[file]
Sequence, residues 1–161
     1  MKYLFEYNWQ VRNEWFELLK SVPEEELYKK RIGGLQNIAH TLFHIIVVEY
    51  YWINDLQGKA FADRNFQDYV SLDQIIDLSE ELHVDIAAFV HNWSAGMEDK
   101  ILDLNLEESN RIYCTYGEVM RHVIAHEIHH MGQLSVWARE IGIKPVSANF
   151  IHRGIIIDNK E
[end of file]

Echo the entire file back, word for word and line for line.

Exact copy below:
Sequence, residues 1–161
     1  MKYLFEYNWQ VRNEWFELLK SVPEEELYKK RIGGLQNIAH TLFHIIVVEY
    51  YWINDLQGKA FADRNFQDYV SLDQIIDLSE ELHVDIAAFV HNWSAGMEDK
   101  ILDLNLEESN RIYCTYGEVM RHVIAHEIHH MGQLSVWARE IGIKPVSANF
   151  IHRGIIIDNK E